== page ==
Another piece of striking footage, supposedly shot in 1936, embodies the reality of Mussolini’s presence in Africa. Acting as a terrifying metaphor for colonialism, the sequence shows an Italian soldier vigorously scrubbing the bare nape of a young Ethiopian woman who sits patiently, at the soldier’s mercy. The act is far from trifling. Two minutes of that sequence suffice to sum up the ethnic genocide perpetrated by the regime.

Since these films were originally intended for private home viewing, the multiple scratches "are indications of who owned the films, those sequences to which they returned over and over," according to Gianikian and Lucchi. The "chemical amnesia" that might otherwise be seen as contamination of their material gains significance as a palpable commentary on the viewers of that time.

Tichy2

Photography by Miroslav Tichý.

At the crossroad of visual art and film, the work of Yervant Gianikian and Angela Ricci Lucchi share an interesting similarity with the photographs of Czech artist Miroslav Tichý, known for his worn out portraits, often out of focus, blemished by dust in the camera, or overexposed. Even though their subjects differ, both interact with the chemical activity of their materials and how they can be reframed and recomposed.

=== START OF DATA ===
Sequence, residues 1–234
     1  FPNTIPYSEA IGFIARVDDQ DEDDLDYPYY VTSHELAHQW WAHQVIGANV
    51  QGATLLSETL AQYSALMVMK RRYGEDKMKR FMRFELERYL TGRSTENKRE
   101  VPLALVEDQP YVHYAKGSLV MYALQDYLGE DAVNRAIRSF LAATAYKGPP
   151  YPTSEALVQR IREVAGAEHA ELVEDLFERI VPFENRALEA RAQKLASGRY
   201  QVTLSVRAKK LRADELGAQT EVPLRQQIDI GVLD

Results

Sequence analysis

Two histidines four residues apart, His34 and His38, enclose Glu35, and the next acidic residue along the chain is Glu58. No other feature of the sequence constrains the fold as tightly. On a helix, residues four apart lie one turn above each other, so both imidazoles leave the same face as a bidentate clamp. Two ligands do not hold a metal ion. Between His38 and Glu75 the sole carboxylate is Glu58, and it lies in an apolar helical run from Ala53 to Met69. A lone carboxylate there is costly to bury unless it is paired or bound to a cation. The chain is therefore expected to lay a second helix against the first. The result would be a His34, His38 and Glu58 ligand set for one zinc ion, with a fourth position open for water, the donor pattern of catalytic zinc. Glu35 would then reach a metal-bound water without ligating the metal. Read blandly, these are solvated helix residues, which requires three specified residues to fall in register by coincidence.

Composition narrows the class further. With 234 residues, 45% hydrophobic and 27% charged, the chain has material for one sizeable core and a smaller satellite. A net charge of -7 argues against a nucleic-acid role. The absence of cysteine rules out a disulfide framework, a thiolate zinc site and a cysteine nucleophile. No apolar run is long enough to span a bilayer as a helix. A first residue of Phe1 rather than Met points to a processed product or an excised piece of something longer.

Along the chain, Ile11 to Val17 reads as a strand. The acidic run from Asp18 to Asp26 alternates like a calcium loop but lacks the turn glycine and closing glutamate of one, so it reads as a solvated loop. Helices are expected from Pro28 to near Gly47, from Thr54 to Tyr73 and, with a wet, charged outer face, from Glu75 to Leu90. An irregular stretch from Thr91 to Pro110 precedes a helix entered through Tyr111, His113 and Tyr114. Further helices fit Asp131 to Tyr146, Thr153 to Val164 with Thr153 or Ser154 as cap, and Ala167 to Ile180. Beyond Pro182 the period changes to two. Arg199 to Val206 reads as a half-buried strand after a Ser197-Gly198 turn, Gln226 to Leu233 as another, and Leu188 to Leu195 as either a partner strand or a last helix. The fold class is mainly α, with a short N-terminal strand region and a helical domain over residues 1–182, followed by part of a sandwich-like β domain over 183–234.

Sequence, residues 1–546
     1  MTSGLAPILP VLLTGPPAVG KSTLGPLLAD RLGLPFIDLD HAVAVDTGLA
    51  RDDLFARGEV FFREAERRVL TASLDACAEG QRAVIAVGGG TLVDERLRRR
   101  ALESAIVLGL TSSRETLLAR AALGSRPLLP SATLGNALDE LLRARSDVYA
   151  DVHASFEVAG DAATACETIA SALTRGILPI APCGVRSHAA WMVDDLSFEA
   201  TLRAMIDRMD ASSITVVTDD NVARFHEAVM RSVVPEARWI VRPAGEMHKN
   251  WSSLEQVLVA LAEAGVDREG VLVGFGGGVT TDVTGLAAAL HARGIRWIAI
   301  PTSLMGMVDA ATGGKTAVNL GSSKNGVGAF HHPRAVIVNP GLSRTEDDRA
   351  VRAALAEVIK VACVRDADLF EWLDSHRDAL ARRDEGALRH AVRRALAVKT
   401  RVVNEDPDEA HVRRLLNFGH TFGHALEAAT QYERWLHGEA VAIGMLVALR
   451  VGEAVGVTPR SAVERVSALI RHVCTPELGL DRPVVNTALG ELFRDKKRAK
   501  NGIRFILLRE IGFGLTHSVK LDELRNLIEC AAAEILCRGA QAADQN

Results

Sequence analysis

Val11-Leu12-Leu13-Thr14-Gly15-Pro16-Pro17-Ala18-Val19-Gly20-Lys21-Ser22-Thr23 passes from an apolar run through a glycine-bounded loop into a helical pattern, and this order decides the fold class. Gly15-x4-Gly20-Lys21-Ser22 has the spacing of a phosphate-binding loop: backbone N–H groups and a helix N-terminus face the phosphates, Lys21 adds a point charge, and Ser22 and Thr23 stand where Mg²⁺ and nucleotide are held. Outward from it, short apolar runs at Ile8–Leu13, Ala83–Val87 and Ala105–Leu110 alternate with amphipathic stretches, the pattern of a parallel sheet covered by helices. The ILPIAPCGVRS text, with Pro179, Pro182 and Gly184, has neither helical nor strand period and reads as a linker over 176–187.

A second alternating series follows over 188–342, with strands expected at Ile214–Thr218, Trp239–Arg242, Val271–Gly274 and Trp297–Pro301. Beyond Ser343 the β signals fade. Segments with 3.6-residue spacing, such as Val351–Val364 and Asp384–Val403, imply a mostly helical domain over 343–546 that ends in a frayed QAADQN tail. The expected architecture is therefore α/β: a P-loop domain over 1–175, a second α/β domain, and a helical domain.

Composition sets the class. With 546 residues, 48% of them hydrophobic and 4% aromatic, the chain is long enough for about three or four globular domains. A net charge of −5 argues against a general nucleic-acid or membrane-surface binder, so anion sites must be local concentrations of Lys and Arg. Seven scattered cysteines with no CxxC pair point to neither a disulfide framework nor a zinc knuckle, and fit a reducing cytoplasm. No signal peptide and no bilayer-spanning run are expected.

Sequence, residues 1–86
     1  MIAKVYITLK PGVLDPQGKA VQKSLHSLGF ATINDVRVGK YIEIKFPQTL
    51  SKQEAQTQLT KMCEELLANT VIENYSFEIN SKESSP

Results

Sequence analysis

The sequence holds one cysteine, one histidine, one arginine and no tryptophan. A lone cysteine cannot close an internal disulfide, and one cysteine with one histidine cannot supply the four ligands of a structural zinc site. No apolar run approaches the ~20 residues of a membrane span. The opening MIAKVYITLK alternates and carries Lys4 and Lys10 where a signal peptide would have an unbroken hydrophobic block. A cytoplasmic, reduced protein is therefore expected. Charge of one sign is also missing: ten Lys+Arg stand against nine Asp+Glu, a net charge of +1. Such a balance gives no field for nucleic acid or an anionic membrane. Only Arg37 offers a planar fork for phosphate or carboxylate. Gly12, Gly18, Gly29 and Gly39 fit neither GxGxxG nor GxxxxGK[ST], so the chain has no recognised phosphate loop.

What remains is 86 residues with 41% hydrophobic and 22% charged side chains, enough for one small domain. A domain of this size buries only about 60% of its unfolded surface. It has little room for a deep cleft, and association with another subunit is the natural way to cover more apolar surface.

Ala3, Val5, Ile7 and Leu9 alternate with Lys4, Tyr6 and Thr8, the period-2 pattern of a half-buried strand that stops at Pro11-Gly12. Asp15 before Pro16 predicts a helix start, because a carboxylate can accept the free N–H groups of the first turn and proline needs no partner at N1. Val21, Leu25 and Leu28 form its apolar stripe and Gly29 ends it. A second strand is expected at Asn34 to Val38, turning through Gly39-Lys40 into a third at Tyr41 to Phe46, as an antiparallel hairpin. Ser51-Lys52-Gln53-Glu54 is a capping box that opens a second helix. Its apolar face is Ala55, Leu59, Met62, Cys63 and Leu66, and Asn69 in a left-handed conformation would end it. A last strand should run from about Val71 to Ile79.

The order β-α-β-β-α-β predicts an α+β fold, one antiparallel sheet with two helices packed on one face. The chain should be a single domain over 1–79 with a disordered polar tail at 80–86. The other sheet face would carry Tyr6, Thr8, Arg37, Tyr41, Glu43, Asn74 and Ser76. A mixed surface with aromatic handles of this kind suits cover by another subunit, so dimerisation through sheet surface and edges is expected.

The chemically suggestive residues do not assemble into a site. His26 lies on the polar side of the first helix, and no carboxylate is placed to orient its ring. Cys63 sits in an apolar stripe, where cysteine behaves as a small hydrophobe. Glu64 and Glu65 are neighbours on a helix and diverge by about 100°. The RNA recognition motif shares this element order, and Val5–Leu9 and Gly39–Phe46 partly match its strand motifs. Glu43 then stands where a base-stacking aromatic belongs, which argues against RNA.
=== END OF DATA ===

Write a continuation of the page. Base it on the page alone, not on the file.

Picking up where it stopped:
While Gianikian and Lucchi dig into the scraped surface of their footage, Tichý recreates—thanks to his homemade cameras built with at-hand materials (cardboard tubes, cans)—the passing of time. The blurry fog that masks their materials is rendered meaningful and adds to the hypnotic and sensory pleasures one feels when looking at their films and photographs.

Beyond its form, Gianikian and Lucchi capture the moving image’s core: its fluid essence. Miroslav Tichý’s photographs also show an undeniable attention to his subjects’ movements—how they seem to be on the verge of moving out of the frame. By distorting their respective media, these three artists aim to touch the very essence of the image, highlighting its fundamental bond to movement and creating a cinematic awareness that wasn’t there before.

The Lunchbox

The-Lunchbox-2013Loin des paillettes et de l’apparat bollywoodien, The Lunchbox est un petit bijou de délicatesse et de poésie.

Au cœur de Bombay, les dabbawallahs, livrent sans relâche des plats préparés par les épouses pour les apporter aux maris sur leurs lieux de travail.